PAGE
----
Unwrap the world of chocolate and things aren't always sweet. The cacao plant's legacy is ancient and complex, while the business surrounding it is bitter, messy and even ruthless. Its future, meanwhile, is both exciting and uncertain.
Whether your ritual hides eggs or matzo, the general reward for either is a large dose of chocolate in a variety of forms. While that is celebratory for children (and many adults), it is something potentially deadly to a dog.
Ghirardelli may be San Francisco's best known chocolate, but production moved away years ago. Today, TCHO is the real San Francisco chocolate -- and it's the only place in town involved in the entire chocolate making process.
We're now in an era where fan activists will not be quietly silenced by cease and desist letters. And organizations like the Harry Potter Alliance will not simply walk away when the freedom of children and their families are at stake.
Mr. Obama is using flimsy and misleading numbers to justify his anti-oil and gas energy policy, and his mega-billion dollar subsidies for "green energy" and "green jobs." So perhaps it's time for him to pivot to another basic necessity, like chocolate.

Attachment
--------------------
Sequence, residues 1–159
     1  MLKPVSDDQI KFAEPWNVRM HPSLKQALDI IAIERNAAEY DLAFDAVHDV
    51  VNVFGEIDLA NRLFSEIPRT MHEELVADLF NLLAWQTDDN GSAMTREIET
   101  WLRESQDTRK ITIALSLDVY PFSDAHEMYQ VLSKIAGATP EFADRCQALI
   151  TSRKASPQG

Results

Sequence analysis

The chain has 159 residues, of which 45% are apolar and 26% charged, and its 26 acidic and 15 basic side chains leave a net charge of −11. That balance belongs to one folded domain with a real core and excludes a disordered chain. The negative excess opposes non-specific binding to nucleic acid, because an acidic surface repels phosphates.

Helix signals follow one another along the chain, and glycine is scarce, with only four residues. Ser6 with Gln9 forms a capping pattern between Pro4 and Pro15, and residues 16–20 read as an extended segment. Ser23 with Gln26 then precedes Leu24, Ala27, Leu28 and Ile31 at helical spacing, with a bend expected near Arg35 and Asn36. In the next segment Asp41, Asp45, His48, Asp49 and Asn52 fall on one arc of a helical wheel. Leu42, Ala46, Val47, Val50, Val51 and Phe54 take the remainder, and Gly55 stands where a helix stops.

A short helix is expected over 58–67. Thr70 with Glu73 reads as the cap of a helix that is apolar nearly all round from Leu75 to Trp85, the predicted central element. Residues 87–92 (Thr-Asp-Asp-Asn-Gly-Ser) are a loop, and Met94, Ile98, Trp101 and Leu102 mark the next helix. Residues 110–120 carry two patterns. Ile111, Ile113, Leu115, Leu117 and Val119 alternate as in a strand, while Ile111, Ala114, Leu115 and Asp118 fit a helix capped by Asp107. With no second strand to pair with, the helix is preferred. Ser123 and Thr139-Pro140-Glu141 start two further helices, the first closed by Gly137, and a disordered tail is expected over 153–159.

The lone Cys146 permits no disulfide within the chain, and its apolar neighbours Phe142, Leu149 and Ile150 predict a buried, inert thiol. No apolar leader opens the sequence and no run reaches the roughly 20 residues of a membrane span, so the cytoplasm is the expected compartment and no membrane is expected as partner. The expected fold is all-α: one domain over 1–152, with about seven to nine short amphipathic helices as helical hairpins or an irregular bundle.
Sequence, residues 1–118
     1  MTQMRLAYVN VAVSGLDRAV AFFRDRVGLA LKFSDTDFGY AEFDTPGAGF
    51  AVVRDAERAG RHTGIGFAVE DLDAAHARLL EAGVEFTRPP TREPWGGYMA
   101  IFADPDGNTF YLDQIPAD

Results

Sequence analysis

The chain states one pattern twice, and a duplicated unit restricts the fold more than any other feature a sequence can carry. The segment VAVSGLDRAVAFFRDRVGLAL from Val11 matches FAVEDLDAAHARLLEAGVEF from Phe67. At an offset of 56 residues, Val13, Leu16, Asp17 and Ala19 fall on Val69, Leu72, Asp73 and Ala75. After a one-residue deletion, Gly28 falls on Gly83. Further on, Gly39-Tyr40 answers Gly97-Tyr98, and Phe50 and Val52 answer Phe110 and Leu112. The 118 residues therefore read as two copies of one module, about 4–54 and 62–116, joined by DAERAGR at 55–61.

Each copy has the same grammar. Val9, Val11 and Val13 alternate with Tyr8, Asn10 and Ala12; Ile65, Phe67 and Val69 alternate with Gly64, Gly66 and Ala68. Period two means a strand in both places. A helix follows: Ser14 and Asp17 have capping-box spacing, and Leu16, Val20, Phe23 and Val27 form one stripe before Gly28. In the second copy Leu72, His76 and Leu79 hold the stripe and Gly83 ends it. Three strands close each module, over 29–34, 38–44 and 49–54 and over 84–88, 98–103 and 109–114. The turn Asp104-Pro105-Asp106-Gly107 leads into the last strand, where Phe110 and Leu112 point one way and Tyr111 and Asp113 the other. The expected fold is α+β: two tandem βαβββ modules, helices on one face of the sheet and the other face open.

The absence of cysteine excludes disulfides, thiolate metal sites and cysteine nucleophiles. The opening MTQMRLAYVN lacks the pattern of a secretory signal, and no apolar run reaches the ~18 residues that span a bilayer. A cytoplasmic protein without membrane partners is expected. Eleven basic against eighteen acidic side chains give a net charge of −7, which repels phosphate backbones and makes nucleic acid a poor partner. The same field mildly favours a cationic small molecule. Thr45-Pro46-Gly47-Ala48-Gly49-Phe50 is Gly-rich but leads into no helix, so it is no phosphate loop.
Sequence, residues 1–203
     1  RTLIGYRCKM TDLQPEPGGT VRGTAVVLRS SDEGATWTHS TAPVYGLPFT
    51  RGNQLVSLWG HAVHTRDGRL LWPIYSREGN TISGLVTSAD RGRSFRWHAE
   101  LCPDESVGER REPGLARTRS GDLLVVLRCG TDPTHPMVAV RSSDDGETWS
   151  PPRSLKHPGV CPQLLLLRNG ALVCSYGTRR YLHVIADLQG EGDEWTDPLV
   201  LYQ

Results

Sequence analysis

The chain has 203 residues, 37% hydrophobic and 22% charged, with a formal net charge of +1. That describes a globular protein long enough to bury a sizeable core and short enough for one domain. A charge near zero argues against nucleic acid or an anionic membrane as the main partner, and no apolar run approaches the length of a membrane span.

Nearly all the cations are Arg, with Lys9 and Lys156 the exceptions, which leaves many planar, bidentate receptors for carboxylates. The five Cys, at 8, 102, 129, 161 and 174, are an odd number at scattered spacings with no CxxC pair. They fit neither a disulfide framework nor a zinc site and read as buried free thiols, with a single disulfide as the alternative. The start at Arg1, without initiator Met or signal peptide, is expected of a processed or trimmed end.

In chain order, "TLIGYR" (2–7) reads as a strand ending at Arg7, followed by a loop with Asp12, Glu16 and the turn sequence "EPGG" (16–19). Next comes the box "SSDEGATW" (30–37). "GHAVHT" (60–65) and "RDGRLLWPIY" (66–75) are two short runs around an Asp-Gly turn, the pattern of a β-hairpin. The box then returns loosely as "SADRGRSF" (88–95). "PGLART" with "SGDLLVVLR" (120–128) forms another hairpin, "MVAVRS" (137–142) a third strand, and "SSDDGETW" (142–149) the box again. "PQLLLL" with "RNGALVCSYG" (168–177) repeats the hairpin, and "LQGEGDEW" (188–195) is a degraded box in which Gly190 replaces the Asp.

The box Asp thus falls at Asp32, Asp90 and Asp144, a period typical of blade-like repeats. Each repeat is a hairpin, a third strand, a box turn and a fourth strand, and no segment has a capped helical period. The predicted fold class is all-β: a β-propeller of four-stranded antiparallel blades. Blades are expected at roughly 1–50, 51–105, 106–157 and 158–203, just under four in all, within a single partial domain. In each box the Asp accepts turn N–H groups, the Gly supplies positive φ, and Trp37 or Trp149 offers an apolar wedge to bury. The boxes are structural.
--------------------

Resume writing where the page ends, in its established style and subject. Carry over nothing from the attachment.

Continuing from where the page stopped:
Again this year, millions of people are enjoying National Chocolate Lovers' Month, having just celebrated the high holiday for chocolate aficionados -- Valentine's Day. But what about the month of February in the year 2020?
The taste of hot cocoa or a chocolate bar is one of the classic pleasures of being a kid. But chocolate is a bitter harvest for countless children in West Africa, who spend their days towing around machetes, hacking the cocoa pods that will be made into sweets
Sub-Saharan Africa produces 70-74 percent of the world's cocoa beans. Should anything wipe out the cocoa crop from either of these producer nations, there is no other country that could quickly take up the slack.